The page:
Read & Study the Bible Online - Bible Portal

Verses 1-2

Luke 1:1-2. Forasmuch as many have taken in hand Who they were to whom the apostle here alludes, who had, from vague reports, (for so his words seem to imply,) rashly published narratives not entirely to be depended on, it is impossible for us now to discover. It is true, the word επεχειρησαν , have undertaken, used here by Luke, does not necessarily imply any censure on the writers of such accounts, but the scope of the place seems to imply it, if not on all, at least on some of them: for if all, or even most of them, had furnished true narratives, the number was an argument rather against a new attempt than for it. Grotius justly observes, that the spurious gospels, mentioned by ancient writers, are forgeries manifestly of a later date than the time of Luke. That there were, however, some such performances at the time when Luke began to write, the words of this evangelist are a sufficient evidence: for, to consider this book merely on the footing of a human composition, what writer of common sense would introduce himself to the public by observing the numerous attempts that had been made by former writers, some of whom at least had not been at due pains to be properly informed, if he himself were actually the first, or even the second, or the third, who had written on the subject; and if one of the two who preceded him had better opportunities of knowing than he, and the other fully as good? But the total disappearance of those spurious writings, probably no better than hasty collections of flying rumours, containing a mixture of truth and falsehood, may, after the genuine gospels were generally known and read, be easily accounted for. At midnight, the glimmering of the taper is not without its use, but it can make no conceivable addition to the light of the meridian sun. It deserves, however, to be remarked by the way, that whatever may be thought to be insinuated here by the evangelist, concerning the imperfect information of former historians, there is no hint given of their bad designs. It is justly observed here by Dr. Campbell, that the very circumstance of the number of such narratives, at so early a period, is itself an evidence that there was something in the first publication of the Christian doctrine, which, notwithstanding the many unfavourable circumstances wherewith it was attended, excited the curiosity and awakened the attention of persons of all ranks and denominations; insomuch that every narrative, which pretended to furnish men with any additional information concerning so extraordinary a personage as Jesus, seems to have been read with avidity. To set forth in order a declaration Greek, αναταξασθαι διηγησιν , to compose a narrative; of those things which are most surely believed among us As the great foundation of our common faith. The expression, πραγματων , refers not only to the things believed, but also to the things performed by Christ and his apostles; this first history of Luke being designed to record what Jesus himself said or did, Acts 1:1; and his second, to relate the acts of the apostles: and the participle, πεπληροφορημενων , translated, most surely believed, is rather to be understood as referring to the fulness of that evidence with which the things were attended, than to the confidence with which they were credited. It not only signifies that the doctrines were taught and the things done, but that they were taught and done with such circumstances, as laid a foundation for πληροφορια της πιστεως , a full assurance of faith, as to the truth of the doctrines, and the reality of the facts. Even as they delivered them, which from the beginning Of Christ’s ministry; were eye-witnesses and ministers of the word Because the persons, according to whose information the writers referred to by Luke composed their histories, are said to have been eye-witnesses as well as ministers of the word, ( του λογου ,) several writers have supposed that, by the word, Luke meant Christ himself, one of whose titles is, the Word, John 1:1, and, the Word of God, Revelation 19:13. Others, however, by the word, understand the transactions of our Lord’s public life; his sermons, miracles, death, resurrection, and ascension, because these things were the great subjects of the preaching of the apostles, who were eye and ear witnesses of them. And to Christians these were matters of such moment, that the knowledge, consideration, and remembrance of them, were the great business and comfort of their lives. It is no wonder, therefore, that those who were able should set down in writing such particulars of them as they had learned, whether from the conversations or sermons of the apostles and eye-witnesses. But histories thus drawn up, though they might contain many things highly worthy of the notice of Christians, must needs have been defective both in their matter and manner. Wherefore, Luke, having attained a thorough knowledge of our Lord’s history from the very beginning, thought fit to give a more full, regular, and connected account of it than had hitherto appeared, as he signifies in the next verse.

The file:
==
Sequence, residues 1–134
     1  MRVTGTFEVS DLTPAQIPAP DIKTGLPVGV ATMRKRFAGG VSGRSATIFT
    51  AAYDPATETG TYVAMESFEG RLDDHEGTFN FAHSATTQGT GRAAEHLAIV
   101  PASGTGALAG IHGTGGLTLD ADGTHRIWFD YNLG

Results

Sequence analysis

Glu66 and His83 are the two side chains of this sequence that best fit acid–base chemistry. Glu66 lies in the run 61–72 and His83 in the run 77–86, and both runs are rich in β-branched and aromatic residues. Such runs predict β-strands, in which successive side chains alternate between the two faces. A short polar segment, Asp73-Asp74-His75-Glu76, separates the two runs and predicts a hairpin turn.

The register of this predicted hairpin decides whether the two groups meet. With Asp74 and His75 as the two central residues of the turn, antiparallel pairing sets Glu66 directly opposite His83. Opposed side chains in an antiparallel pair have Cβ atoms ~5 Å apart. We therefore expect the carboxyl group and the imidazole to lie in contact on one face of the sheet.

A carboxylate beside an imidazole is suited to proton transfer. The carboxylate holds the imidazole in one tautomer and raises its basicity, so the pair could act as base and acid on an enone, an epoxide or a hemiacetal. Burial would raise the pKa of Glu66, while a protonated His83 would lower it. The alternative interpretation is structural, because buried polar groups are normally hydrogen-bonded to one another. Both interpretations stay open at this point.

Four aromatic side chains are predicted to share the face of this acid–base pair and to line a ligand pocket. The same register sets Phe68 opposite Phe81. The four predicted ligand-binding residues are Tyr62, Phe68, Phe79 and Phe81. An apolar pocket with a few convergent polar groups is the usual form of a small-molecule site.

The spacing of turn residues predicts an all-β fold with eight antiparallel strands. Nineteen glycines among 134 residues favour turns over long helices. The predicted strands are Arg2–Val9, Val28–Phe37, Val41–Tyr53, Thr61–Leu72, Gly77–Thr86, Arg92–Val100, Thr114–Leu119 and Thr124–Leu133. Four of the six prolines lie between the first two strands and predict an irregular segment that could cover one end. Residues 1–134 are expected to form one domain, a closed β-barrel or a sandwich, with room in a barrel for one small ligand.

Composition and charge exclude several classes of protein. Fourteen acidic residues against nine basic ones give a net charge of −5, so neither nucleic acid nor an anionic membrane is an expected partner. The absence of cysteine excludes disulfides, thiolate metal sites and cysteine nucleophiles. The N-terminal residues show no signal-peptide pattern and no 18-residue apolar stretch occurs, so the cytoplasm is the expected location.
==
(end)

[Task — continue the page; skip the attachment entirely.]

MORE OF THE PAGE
Be the first to react on this!

Scroll to Top

Group of Brands